Stillbirth – Revive the Throne Review

Boasting one of the fattest rosters of death metal and its derivative sub-genres, Unique Leader Records stands out as one of the most single-minded purveyors of metal in existence. Following such numbers, I frequently find gaps in my knowledge within such a roster. Enter Germany’s Stillbirth and their sixth full-length entitled Revive the Throne. Despite this number of releases spanning back to 2003, they’re not a band who have previously featured in the thousands of bands reviewed at this website. 2020 has been a banner year for death metal, so how fares this album against such a backdrop?

Opening track, “Degraded to Mutilation,” kicks things off with a neck-snapping rhythm and big, slamming lead riff, replete with hardcore-inflected death gurgles which approach a pig squeal at moments. Accordingly, Revive the Throne is found at the intersection of brutal death metal, slam and deathcore. It’s the auditory equivalent of a rampaging bull, snorting and stamping the ground before charging headlong at any target in front. Returning fresh to the record after pauses demonstrates its immediate power and I’ve no doubt that Stillbirth would make for an energetic live show as they blend mid-paced grooves with faster, thrashing passages.

It’s perhaps surprising that behind the seemingly simplistic violence there are some particular but peculiar musical choices. The troupe features 2 guitarists and, more strangely, 2 bassists. The one sheet provided states that this is for “maximum brutality,” but I would describe this as “overkill brutality.” “Overkill” is probably not a descriptor they would object to too strongly given the blunt-force-trauma approach here. And there’s no doubt that the rhythmic elements of the record are thicker than cold treacle which was presumably the objective. But I think this derives more strongly from the powerhouse drummer who shreds up his kit across these 33 minutes, which calls into question the purpose of an additional bassist.

The theme of battle, or perhaps more specifically, the spectacle of battle is strongly apparent across Revive the Throne. The artwork obviously depicts a colosseum, while the bludgeoning music and liberal use of movie and TV quotation reinforces this imagery. Examples include, unsurprisingly, Gladiator, Spartacus and Game of Thrones and they’re typically well selected in bolstering the record’s tone. However, during my note-taking, I found myself writing more about the quotations than the music itself which was the first marker that the record is highly one-note. The flow of cultural references confers more character on the music which is somewhat lacking it.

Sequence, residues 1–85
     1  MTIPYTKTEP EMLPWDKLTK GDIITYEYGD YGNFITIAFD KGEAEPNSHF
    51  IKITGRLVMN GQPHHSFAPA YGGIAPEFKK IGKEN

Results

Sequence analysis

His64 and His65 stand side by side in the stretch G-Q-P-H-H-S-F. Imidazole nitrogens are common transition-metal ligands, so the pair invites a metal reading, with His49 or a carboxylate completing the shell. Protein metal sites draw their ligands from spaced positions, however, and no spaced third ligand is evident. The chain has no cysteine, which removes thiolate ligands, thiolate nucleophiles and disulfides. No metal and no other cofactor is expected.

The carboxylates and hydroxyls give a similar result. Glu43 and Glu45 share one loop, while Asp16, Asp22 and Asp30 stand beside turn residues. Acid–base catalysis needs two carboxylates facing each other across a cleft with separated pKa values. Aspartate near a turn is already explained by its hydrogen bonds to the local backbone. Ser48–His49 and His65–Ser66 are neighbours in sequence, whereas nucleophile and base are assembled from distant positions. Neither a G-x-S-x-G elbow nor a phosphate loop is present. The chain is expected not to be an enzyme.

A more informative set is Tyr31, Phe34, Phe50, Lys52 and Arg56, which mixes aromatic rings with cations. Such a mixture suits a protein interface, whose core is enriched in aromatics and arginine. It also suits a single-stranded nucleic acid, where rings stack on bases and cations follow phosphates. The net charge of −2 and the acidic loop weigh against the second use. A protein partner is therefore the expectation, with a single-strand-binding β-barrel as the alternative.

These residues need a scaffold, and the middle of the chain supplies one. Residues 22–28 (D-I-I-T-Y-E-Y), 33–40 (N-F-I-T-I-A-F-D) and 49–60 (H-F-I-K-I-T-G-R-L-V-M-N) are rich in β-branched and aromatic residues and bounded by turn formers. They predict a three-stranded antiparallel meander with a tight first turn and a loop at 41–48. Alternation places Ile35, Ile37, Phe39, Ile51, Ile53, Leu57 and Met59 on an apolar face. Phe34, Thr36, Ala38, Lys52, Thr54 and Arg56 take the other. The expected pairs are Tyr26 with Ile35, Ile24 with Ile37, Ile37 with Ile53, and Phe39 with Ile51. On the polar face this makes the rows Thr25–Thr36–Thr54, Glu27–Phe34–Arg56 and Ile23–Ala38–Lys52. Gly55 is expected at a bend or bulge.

On this point, the music is abrasive and pummeling but my attention is not held throughout. It’s an unfortunate example of the type of release which gets less interesting the closer you get to it. The heavy impact and deep grooves ensure that it’s always passable but the consistent riffing styles and tempos throughout make distinguishing tracks quite difficult. When listening closely, I struggled to parse favorite songs or passages, and I’m left with an overall sense that it’s adequate but lacks standout elements. The one-note feel is undoubtedly compounded by the high levels of compression in the master. This is hardly surprising as I’m fairly certain there’s a standard clause in Unique Leader’s contracts requiring releases to be brick-walled into oblivion. This robs any nuance from the guitars and ensures it’s tough to discern one riff from another.

I’ve no doubt there’s an audience for Stillbirth’s sound. It’s brutal, slamming and quick. Taken as a whole it’s not unenjoyable. But pausing to consider the record in greater detail does it no favors and highlights the overbearing similarity throughout. In a year replete with excellent death metal, Revive the Throne simply does not do enough to demand my time and energy.

Rating: 2.0/5.0
DR: 4 | Format Reviewed: 320 kbps mp3
Label: Unique Leader Records
Websites: |
Releases Worldwide: August 7th, 2020

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